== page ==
Battalions’ D-Day Role Revealed

Compiled by Lara Godbille, Ph.D., Director, U.S. Navy Seabee Museum, Naval History and Heritage Command (First printed in the Seabee News Service on September 19, 1944)

Normandy Photo 4

Celebrating their 3rd year, Seabees of the 111th NCB take pride in their many accomplishments, including building an artificial floating harbor and mobile ship repair on large pontoons

Proving their previously untried-in-combat Rhino ferries and barges, Seabees of the 111th Naval Construction Battalion (NCB) triumphed over a D-Day storm to unload tanks, armament, vehicles, personnel and ammunition in France, accomplishing their mission through mine-infested waters, despite intense enemy fire.

A report by Capt. C.W. Coryell, CEC, USNR, officer in charge of a construction regiment, revealed how the Seabees succeeded in their D-Day objective – although the condition of the sea and wave action had previously been considered too rough for operation of the pontoon equipment. During the critical 10-day period following D-Day, Coryell reported that the battalion went on to unload 16,000 vehicles, 25,000 tons of ammunition and supplies and 32,000 troops – a total of approximately 138,000 tons – all urgently needed on the expanding beachhead. The Rhino crews, many of whom remained on duty for as long as 90 hours, four without relief, also distinguished themselves by rescuing wounded and drowning Soldiers at great risk to themselves. The open decks of the Rhinos were constantly exposed to enemy shell fire and flak splinters.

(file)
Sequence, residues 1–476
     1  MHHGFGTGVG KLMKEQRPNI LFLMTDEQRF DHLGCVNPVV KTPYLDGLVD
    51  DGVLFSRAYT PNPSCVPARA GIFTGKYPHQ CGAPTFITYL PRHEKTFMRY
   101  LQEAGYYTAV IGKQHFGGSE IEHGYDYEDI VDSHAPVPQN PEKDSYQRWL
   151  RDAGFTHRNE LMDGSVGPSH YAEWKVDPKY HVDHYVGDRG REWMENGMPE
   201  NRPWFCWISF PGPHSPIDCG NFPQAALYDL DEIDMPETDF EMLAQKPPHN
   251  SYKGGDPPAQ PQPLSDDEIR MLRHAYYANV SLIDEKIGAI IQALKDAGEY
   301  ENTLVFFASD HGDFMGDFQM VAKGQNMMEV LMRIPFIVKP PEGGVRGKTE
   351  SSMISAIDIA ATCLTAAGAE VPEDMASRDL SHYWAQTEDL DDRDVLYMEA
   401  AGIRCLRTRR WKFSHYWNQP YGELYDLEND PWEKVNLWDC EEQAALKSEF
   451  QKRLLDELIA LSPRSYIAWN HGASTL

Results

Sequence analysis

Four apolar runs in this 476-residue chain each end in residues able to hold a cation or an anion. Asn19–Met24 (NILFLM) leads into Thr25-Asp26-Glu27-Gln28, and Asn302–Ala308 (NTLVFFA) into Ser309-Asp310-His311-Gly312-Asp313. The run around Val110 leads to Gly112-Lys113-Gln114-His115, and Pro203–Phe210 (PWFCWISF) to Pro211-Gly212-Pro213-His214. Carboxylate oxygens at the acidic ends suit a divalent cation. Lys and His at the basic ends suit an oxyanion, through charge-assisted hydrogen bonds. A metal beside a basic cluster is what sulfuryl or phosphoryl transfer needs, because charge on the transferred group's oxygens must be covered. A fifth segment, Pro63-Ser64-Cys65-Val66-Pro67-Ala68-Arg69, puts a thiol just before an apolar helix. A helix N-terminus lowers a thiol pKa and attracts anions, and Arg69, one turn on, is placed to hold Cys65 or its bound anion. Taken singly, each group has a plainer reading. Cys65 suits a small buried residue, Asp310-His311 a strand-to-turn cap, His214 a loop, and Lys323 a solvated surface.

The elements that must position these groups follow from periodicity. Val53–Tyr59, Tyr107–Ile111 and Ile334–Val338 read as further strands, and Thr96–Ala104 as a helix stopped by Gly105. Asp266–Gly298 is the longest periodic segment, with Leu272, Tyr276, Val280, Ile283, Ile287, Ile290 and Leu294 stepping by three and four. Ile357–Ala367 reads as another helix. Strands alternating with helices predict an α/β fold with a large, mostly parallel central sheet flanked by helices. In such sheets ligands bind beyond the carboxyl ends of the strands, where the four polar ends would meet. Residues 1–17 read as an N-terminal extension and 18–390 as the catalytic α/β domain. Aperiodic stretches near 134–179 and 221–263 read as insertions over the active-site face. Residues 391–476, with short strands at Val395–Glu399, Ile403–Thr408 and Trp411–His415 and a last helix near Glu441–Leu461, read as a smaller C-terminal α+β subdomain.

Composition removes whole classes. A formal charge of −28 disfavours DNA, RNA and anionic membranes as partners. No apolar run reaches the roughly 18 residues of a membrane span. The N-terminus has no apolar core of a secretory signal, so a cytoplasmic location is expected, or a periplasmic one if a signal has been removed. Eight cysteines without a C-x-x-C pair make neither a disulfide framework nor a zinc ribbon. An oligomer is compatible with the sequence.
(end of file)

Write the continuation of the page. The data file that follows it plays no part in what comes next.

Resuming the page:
“The danger to the crews,” Coryell declared, “was great at all times. A number were wounded as the result of mine explosions and some deaths resulted.

“All Rhino ferries,” he continued, “were navigated to successful beach landings with skill and fearlessness…despite much damage to the units due to the shell fire and mines, the crews worked continuously at their stations through long hours, contributing immeasurably to the success of the invasion …”

Normandy Photo 2

Rhino ferry powered by outboard motors. The ferries are formed of 30 pontoons in length and are equal in strength to a civilian highway bridge

Check Also

This Week in Seabee History: July 12 – 18

Consolidated by U.S. Navy Seabee Museum, Naval History and Heritage Command On 15 July 1958, …

Leave a Reply

Your email address will not be published.